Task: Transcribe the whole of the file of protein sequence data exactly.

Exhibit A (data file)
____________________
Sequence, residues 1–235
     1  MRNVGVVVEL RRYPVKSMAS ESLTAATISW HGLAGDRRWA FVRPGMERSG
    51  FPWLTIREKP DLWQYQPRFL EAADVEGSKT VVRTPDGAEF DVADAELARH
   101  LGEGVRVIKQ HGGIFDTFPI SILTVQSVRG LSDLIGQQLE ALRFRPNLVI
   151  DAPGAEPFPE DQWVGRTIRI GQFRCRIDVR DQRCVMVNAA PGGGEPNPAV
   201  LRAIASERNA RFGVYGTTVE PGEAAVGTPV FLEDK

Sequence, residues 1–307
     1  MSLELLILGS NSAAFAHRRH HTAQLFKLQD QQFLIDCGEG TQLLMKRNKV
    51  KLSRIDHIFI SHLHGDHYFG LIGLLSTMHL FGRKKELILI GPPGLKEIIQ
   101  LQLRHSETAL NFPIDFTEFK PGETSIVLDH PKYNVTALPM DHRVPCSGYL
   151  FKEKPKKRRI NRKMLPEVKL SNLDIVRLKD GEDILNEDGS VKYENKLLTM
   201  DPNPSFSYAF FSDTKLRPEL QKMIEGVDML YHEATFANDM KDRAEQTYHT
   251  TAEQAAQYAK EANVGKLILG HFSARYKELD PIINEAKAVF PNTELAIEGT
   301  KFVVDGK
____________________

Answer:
Sequence, residues 1–235
     1  MRNVGVVVEL RRYPVKSMAS ESLTAATISW HGLAGDRRWA FVRPGMERSG
    51  FPWLTIREKP DLWQYQPRFL EAADVEGSKT VVRTPDGAEF DVADAELARH
   101  LGEGVRVIKQ HGGIFDTFPI SILTVQSVRG LSDLIGQQLE ALRFRPNLVI
   151  DAPGAEPFPE DQWVGRTIRI GQFRCRIDVR DQRCVMVNAA PGGGEPNPAV
   201  LRAIASERNA RFGVYGTTVE PGEAAVGTPV FLEDK

Sequence, residues 1–307
     1  MSLELLILGS NSAAFAHRRH HTAQLFKLQD QQFLIDCGEG TQLLMKRNKV
    51  KLSRIDHIFI SHLHGDHYFG LIGLLSTMHL FGRKKELILI GPPGLKEIIQ
   101  LQLRHSETAL NFPIDFTEFK PGETSIVLDH PKYNVTALPM DHRVPCSGYL
   151  FKEKPKKRRI NRKMLPEVKL SNLDIVRLKD GEDILNEDGS VKYENKLLTM
   201  DPNPSFSYAF FSDTKLRPEL QKMIEGVDML YHEATFANDM KDRAEQTYHT
   251  TAEQAAQYAK EANVGKLILG HFSARYKELD PIINEAKAVF PNTELAIEGT
   301  KFVVDGK